Y2K problem,' we thought it was a funny line,"  recounts Cohen. "Lewis Schiliro told him
that to the best of his knowledge, no, the mob has not gotten involved in Year 2000 work.
And based on my experience with Schiliro, he is briefed on everything the Feds have going
on in this area." 

Queries directed at Schiliro by the Tool were handled by agency spokesman Margolin. 

Piskora says she doesn't recall anyone from the audience asking about any relationship
between the mob and the Y2K problem, but admitted that didn't mean the question wasn't
raised. She claims she picked up the anecdote right after the conference.  "A group of us
were talking and one guy told me he was with the FBI,"  Piskora says. "I asked whether
the mob was involved with Y2K and he said, ‘yes.'" 

When asked if she could recall the agent's name, she said she could not, that she would
have to check her notes. After talking it over with Post Business and Financial Editor,
Xana Antunes, Piskora said she saw no reason to share a "confidential source" with Forbes
Digital Tool. 

But did Piskora check her source's identification? She says she didn't ask for a badge or
identification but that she was sure that he worked for the bureau. Why? Because he said
he did, and the conference was filled with FBI agents and Kroll Associates detectives. 

What about the web site and toll free numbers? Did she actually see them? 

No. Piskora says she was the one who raised the issue of the web site, toll free phone
and other tools of business legitmacy in the form of a question and her mystery source
said "‘Yes,' then clammed up." 

Antunes says the Post "stands fully"  by the story. "No one from the FBI ever called me
for a retraction, so we're not going to do anything about this. [The fact that no one can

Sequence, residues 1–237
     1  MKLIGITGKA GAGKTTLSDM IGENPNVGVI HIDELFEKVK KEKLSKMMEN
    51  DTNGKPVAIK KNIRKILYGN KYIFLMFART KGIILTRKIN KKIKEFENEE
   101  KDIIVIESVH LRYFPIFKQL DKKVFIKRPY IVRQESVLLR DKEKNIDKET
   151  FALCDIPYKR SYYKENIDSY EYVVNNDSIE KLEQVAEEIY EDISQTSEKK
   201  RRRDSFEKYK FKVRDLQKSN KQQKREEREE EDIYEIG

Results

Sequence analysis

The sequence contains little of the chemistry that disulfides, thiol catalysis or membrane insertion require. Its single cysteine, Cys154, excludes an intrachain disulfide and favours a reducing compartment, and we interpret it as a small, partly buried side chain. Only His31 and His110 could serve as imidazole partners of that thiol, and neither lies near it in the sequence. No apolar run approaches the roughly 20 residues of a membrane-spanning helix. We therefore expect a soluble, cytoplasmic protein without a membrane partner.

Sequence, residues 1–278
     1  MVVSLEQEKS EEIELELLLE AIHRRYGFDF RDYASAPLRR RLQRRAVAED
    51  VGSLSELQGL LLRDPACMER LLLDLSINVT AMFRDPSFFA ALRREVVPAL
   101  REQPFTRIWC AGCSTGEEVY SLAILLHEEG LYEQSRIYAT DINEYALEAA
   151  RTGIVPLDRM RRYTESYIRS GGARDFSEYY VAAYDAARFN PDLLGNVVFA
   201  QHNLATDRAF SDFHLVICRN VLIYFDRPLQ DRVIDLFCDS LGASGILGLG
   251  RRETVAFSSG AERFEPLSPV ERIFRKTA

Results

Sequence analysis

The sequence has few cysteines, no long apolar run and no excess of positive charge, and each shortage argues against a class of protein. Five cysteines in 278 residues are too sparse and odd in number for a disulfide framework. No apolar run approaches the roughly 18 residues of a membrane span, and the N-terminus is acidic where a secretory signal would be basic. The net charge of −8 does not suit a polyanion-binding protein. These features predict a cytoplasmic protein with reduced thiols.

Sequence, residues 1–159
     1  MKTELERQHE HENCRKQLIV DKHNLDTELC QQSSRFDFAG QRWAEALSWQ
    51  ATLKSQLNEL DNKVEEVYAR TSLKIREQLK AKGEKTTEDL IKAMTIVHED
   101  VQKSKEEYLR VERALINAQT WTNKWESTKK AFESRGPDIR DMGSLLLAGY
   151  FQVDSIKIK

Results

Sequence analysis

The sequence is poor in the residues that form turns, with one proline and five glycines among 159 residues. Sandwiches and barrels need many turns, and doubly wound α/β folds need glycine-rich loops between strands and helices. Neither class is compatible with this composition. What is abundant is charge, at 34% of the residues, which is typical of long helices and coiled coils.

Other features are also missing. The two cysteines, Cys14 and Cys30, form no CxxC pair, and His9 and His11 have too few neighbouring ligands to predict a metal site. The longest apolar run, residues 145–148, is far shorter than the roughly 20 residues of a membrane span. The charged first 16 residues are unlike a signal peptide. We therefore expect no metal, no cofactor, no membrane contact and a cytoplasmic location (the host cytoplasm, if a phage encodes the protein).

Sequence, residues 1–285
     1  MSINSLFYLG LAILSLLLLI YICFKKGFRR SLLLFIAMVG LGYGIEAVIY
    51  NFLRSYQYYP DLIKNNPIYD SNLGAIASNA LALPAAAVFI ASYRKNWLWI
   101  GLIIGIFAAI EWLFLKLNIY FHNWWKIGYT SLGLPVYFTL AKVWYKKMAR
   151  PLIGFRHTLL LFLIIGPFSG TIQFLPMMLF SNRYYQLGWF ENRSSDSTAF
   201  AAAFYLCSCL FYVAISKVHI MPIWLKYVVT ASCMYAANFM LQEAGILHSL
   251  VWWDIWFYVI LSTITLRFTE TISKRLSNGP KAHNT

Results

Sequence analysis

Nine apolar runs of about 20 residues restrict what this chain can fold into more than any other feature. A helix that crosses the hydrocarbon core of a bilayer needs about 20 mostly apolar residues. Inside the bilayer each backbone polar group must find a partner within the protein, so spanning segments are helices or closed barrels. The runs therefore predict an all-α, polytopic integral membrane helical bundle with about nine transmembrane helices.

confirm the story] is not my problem." 

Agent Margolin says the FBI rarely asks for retractions, and only in instances that
seriously affect bureau business--for instance, if an agent is misquoted in a manner that
could jeopardize public trust or affect ongoing investigations. He says it never occurred
to him to contact the Post to complain about the inaccuracies. 

What is not at issue is the fact that such a scam could indeed occur. Anup Ghosh, in his
book E-Commerce Security: Weak Links, Best Defenses, relates the story of the German
hacker group, Chaos Computer Club.  The group demonstrated on German TV how an ActiveX
control could be used to transfer money from a person's bank account to one belonging to
Chaos without the account holder's knowledge. 

The group had hidden the ActiveX control on a web page and attracted traffic with the
slogan: "Becoming a millionaire in five minutes." The hackers designed their ActiveX
control to work with Quicken and to transfer the money at some point in the future so
that the victim wouldn't find out about it until after he received his banking statement.
(See "Downloader beware). 

And what of Piskora's mystery man?  Maybe he does exist, but the Feds adamantly deny he's
one of theirs. As Cohen remarked, "Why would an FBI agent at a conference contradict what
his boss just said?" 

Cohen says the worst thing about the Post's reporting an apocryphal story is that it
could lead to copycats.  "When you publicize any criminal scam, odds are that some clever
criminal is going to pick up on it and make it a reality."